CLEVELAND (AP) — Ohio is joining other states in encouraging private groups to fund and run innovative social experiments to address vexing social problems like opioid addiction, infant mortality and environmental pollution without putting tax dollars at risk upfront.
Republican Treasurer Robert Sprague is championing the statewide effort, called ResultsOHIO, which is included in the next two-year budget and would provide paybacks with interest to investors when projects achieve or exceed targeted goals. Ten other states have enacted legislation for similar “pay-for-success” programs, which are also known as social impact bonds.
Sprague said he was spurred to explore such a program when, as a House member from northern Ohio, he heard from a constituent about how her adult children had cycled in and out of rehab for opioid addiction.
“We’ve tried hard and invested a lot of money in the treatment system in Ohio,” Sprague said in an interview. “But our recovery rates are stubbornly at 10 to 15%. So how do you have innovation occur in the system to increase those recovery rates?”
The basic pay-for-success model typically looks like this: A government agency, a nonprofit service provider and a third-party organizer decide a societal problem needs to be addressed and agree on how to conduct a pilot program. The organizer helps secure funding from philanthropic groups or for-profit entities that are willing to risk their money with the promise they’ll get a return on their investment plus interest if an independent evaluation concludes a project has succeeded.
The government agency, which could be the state or a local government, then repays investors if the project works.
Sprague hopes pay-for-success experiments will create models that public agencies can replicate to deliver services more efficiently.
“This creates the best of both worlds, where we leverage the private sector’s ability to innovate and the public sector’s ability to fund and operate programs and scale them statewide,” Sprague said.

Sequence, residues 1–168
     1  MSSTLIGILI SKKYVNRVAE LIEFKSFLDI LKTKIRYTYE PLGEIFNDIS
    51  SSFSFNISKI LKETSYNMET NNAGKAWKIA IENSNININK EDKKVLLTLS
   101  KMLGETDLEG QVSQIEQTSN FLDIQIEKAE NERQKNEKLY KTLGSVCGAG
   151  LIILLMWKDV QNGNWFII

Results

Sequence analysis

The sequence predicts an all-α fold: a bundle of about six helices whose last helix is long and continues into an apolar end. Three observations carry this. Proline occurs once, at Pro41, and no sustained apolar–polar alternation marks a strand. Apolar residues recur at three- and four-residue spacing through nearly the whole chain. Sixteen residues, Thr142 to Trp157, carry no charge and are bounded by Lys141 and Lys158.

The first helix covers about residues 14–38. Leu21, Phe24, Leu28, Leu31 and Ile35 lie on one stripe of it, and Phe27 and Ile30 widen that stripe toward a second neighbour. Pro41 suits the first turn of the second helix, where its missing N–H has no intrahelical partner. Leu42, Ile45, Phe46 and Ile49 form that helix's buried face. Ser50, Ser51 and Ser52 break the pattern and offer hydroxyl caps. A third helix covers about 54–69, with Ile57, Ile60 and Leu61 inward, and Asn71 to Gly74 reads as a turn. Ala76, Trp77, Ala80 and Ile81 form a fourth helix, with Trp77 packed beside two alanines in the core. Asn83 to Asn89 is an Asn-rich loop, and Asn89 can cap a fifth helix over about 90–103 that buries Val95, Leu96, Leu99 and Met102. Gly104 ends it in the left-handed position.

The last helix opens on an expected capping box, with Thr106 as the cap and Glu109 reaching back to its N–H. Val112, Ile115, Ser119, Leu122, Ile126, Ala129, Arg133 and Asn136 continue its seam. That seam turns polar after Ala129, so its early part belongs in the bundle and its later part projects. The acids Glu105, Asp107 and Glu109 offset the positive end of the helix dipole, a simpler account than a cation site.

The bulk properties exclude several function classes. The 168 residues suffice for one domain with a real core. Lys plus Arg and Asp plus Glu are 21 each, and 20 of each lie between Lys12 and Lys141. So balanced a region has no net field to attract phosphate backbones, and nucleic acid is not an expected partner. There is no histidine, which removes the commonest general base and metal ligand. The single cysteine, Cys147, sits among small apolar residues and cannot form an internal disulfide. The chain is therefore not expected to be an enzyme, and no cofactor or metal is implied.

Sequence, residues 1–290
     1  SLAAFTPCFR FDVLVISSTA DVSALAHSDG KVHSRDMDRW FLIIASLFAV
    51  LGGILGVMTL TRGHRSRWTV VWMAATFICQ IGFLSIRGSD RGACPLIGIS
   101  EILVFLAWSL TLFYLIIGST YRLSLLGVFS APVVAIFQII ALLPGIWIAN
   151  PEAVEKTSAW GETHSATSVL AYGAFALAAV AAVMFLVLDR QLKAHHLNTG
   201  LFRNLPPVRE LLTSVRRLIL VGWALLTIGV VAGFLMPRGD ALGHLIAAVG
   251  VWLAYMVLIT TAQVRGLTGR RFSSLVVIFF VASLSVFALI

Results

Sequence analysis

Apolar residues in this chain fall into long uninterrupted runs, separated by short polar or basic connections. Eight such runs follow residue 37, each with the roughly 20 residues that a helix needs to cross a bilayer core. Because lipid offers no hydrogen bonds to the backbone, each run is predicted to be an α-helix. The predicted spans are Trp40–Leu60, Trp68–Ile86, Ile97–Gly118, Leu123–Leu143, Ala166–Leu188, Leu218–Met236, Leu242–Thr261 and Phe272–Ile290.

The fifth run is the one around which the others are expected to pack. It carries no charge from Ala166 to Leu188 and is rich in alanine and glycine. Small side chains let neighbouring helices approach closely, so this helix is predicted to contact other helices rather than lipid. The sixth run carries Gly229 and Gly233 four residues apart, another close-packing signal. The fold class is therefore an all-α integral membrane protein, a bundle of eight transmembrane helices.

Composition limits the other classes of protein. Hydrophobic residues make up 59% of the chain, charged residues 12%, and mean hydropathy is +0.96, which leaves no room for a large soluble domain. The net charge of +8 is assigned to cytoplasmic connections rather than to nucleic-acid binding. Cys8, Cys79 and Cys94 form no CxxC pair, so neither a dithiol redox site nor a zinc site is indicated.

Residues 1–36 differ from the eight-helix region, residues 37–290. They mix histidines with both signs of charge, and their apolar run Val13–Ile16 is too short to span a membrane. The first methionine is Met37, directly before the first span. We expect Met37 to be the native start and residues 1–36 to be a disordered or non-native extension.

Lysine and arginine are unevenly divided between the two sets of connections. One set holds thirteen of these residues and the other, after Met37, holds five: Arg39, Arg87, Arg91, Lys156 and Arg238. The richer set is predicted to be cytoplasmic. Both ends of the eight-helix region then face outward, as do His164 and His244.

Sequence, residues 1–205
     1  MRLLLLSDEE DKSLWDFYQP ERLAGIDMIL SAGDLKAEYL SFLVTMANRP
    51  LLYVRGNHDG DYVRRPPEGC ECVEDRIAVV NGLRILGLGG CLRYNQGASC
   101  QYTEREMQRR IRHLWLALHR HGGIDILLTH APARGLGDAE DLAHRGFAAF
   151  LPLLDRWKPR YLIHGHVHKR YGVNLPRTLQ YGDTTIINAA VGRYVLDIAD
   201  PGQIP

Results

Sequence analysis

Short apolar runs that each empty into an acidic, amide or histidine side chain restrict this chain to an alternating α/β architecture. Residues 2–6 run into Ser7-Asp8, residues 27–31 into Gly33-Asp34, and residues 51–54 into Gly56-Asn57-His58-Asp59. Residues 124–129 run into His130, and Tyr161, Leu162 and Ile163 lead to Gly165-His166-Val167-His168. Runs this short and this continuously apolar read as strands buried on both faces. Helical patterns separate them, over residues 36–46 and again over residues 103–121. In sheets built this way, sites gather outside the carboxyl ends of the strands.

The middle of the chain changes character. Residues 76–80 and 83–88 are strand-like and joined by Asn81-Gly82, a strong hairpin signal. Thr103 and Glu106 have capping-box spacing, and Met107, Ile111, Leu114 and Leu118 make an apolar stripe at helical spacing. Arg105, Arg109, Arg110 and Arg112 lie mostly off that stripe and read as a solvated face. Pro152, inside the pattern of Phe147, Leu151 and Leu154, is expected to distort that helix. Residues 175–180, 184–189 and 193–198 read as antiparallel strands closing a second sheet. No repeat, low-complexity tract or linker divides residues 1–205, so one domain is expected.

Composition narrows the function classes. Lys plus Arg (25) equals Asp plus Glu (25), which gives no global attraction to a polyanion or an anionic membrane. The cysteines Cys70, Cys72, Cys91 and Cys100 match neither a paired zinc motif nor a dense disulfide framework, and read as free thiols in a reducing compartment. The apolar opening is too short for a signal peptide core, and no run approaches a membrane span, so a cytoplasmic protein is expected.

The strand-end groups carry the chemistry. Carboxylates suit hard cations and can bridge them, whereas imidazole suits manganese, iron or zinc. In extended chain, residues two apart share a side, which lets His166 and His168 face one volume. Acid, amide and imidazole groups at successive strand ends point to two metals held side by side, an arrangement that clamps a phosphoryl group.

About two dozen pay-for-success programs are underway across the U.S. None has reached a point yet where evaluators have concluded whether or not investors should be paid back all or part of their investment.
In New York City, a nearly $10 million project was launched in 2012 to keep youthful offenders from returning to the city’s Rikers Island jail. The program ended in 2015, a year before its scheduled completion date, when it became apparent it could not achieve its stated goal of reducing recidivism by 10%.
Other pay-for-success programs include an effort in Washington, D.C., to reduce pollution flowing into the Chesapeake Bay, and one in South Carolina to address maternal and child health for first-time mothers.
The first county-sponsored pay-for-success program is in Cuyahoga County, which includes Cleveland. The program in 2015 began providing intensive intervention to 135 families whose children were forced into foster care because of homelessness and neglect with the goal of reuniting those children with their mothers.
The $4 million program was organized and is being overseen by a Boston-based nonprofit called Third Sector Capital Partners. Frontline Service, a group focused on homelessness, is responsible for the delivery of services with support from various groups. The Philadelphia-based Reinvestment Fund, George Gund Foundation and Cleveland Foundation provided the bulk of the financing. A team from Case Western Reserve University is the project’s evaluator.
David Abbott, executive director of the Gund Foundation, said that based on preliminary results, it doesn’t appear his organization will be paid back its $1 million.
While the program has reunited some families, the cost of the interventions has exceeded targeted goals, he said. Abbott said the results are disappointing, but added they should still inform Cuyahoga County on how to improve the delivery of services to homeless and separated families.
“I’m confident that, at the end of the day, we will feel good about this whole experiment,” Abbott said. “We’ll see if it leads to other pay-for-success approaches on certain issues. I hope it does, but that requires agreement by a lot of parties.”
Pay-for-success shouldn’t be viewed as a way to fund social services with private money, but to help communities focus on necessary goals and how to achieve them, said Brian Beachkofski, managing director of Third Sector.
“What will change the world is having governments be more responsive and accountable to the community,” Beachkofski said. “That’s what makes me hopeful.”